Turmeric Pickles and Brown Butter Make this Crudo Greater than the Sum of Its Parts
Adriana Urbina, formerly of now-shuttered NYC hot spot De Maria, shows us how it's done.
All photos by Farideh Sadeghin.
Welcome back to Dirty Work, our series of dispatches from the MUNCHIES Garden. We're inviting chefs, bartenders, and personalities in the world of food and drink to explore our edible playground and make whatever the hell inspires them with our rooftop produce. In the latest installment, Venezuelan chef Adriana Urbina rustles up the perfect accoutrements for a simple, fresh crudo from the MUNCHIES rooftop.
When chef Adriana Urbina and her sous chef visited us earlier this summer, they came representing De Maria, the buzzy and extremely pretty all day café in Nolita in Manhattan. Adriana inherited the kitchen from Camille Becerra, whose culinary skills were as much a signature as her highly Instagrammable aesthetic. (Also earlier in 2018, De Maria won the James Beard Foundation’s award for best restaurant design in North America, for its bright, airy space and modern, minimalist accents that drew the attention of fashionable diners who wanted to snag selfies in front of the custom neon-lit portrait of the Virgin Mary in the bathroom.)
Under Urbina's leadership, the kitchen maintained its focus on healthful dishes, pristinely presented, with perhaps a bit more of an influence from Urbina's own experiences working in kitchens around the world. She spent time working with renowned chefs in her home country of Venezuela, in Spain, in the Parisian kitchen of Alain Ducasse, then moved on to the two-Michelin-starred Atera in New York. De Maria has since closed its doors after a colorful yet brief 18-month stint on Kenmare Street, ending in August.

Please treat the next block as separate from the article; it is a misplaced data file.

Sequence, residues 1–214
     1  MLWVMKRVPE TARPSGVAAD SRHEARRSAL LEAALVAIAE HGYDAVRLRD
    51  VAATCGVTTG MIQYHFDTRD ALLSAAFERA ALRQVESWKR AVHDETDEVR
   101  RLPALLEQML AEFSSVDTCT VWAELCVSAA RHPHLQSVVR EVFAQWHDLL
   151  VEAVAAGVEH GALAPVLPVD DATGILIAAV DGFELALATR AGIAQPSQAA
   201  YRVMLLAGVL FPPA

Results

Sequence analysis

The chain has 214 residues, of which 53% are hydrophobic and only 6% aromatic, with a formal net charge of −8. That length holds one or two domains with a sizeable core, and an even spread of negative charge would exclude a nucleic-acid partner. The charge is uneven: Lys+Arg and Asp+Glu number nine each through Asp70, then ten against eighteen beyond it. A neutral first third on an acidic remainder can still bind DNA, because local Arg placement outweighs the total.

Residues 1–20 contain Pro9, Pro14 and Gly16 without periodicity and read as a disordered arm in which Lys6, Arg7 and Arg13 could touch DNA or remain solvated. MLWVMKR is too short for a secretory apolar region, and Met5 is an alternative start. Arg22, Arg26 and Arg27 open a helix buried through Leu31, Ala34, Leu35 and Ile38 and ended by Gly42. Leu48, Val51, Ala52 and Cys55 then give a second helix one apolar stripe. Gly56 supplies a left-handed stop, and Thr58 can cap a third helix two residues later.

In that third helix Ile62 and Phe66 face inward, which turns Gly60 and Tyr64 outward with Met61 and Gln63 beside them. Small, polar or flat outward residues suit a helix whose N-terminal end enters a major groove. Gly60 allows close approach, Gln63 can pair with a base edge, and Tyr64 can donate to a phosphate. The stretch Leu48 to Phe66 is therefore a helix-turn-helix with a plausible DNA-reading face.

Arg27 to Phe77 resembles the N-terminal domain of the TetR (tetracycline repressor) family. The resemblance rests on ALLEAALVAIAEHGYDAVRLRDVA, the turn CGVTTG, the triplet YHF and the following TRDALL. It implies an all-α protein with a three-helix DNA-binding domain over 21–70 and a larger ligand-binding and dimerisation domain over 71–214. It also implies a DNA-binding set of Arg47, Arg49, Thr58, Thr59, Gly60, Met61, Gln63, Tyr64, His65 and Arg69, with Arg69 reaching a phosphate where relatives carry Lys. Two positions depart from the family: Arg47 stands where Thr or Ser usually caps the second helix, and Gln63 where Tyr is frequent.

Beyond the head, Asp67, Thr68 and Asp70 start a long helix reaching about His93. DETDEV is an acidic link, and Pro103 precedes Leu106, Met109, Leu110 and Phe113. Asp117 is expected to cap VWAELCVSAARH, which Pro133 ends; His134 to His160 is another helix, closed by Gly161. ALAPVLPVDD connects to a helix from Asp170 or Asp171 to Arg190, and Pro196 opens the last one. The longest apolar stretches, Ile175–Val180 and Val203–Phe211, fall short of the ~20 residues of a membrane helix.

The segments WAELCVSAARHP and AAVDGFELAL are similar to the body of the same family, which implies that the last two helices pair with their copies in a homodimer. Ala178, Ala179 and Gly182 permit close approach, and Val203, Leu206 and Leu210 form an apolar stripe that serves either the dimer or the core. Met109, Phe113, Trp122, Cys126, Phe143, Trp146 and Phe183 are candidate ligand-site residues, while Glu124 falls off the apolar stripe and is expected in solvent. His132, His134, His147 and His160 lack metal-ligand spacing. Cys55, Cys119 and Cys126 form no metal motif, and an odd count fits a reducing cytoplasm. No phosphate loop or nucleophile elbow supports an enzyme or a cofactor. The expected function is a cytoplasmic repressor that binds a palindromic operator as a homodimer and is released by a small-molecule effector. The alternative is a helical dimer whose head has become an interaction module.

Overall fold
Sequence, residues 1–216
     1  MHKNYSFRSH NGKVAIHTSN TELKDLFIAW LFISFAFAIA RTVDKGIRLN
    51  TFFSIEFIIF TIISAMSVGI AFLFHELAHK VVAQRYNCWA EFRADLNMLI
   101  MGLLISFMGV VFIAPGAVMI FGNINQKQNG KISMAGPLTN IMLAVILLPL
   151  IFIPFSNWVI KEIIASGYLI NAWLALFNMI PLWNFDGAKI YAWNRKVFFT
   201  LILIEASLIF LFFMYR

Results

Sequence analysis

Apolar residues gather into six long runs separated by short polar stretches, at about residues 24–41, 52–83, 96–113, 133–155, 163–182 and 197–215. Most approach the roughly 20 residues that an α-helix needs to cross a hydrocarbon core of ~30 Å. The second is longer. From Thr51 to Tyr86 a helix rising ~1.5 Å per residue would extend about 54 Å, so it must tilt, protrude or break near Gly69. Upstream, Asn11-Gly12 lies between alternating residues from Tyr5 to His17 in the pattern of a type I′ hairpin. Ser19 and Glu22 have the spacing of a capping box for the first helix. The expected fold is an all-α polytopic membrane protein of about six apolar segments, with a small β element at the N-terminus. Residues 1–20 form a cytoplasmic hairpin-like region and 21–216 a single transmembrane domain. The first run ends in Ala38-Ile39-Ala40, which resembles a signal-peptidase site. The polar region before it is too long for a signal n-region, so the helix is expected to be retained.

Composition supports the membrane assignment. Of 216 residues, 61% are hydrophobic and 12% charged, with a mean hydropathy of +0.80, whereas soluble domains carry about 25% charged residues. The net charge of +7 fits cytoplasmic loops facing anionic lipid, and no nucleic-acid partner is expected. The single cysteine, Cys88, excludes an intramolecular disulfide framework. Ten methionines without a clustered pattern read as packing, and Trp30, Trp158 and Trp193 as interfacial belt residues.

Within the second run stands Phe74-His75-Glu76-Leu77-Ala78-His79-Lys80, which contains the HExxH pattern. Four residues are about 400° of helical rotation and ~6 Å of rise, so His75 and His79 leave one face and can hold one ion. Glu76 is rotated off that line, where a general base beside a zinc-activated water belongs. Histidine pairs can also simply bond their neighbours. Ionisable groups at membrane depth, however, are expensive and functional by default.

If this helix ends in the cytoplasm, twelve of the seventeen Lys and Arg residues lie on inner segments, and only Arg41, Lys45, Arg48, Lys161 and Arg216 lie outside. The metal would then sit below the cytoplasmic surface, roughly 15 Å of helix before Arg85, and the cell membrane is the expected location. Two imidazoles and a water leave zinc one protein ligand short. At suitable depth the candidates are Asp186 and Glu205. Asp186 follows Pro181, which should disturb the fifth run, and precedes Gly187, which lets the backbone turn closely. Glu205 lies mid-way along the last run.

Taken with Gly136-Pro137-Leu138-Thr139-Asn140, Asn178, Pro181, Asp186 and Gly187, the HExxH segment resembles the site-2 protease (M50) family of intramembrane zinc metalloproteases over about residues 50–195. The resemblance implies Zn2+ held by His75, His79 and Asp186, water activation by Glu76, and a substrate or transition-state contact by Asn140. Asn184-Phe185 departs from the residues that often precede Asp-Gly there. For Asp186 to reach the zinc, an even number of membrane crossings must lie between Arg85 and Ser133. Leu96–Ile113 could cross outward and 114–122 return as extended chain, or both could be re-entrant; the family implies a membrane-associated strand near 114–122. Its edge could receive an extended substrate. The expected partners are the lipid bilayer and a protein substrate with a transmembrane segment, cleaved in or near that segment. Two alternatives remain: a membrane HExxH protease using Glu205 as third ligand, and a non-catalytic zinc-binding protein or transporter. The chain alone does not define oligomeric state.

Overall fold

The dish she made for us—a scallop crudo with a garden veggie green sauce, brown butter, and turmeric-pickled kohlrabi—is something that could have just as easily been found on the menu at De Maria, or at her solo pop-up series, Tepuy. (The name refers to the tabletop-shaped mountain ranges of eastern Venezuela that contain a rich and diverse amount of flora and fauna.) In that dinner series, she tries to capture the spirit of cooking with all of the native flavors of her home country by incorporating local, seasonal produce into her dishes. When she visited us at the MUNCHIES Test Kitchen, we got a peek into what that menu development process must be like by letting her roam our rooftop garden and create a dish based on whatever caught her fancy that day from our own local "flora."
She arrived knowing she would create a crudo of some sort, similar to something she had on the menu at De Maria, she told us, but similar to something that is also still appearing on her Tepuy menus. All she’s brought with her are a few fresh, raw scallops, and a house-made creamy vegan cheese, similar to chèvre in texture, but made from coconut milk. (She says she hasn't ever seen a comparable product at the supermarket, but it's pretty easy to make at home.) Otherwise, our roof was her greenmarket for the day.